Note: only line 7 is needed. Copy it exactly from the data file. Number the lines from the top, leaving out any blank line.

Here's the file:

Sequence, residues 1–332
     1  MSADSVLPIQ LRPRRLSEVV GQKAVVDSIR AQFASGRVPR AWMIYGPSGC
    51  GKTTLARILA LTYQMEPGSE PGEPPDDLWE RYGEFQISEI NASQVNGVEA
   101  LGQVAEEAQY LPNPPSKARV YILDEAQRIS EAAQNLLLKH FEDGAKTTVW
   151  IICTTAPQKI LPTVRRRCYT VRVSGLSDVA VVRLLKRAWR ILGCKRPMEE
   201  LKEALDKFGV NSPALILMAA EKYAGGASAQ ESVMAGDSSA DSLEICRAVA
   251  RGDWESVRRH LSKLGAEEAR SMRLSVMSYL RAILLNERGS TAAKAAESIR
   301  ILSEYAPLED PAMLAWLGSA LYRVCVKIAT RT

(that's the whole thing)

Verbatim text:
   251  RGDWESVRRH LSKLGAEEAR SMRLSVMSYL RAILLNERGS TAAKAAESIR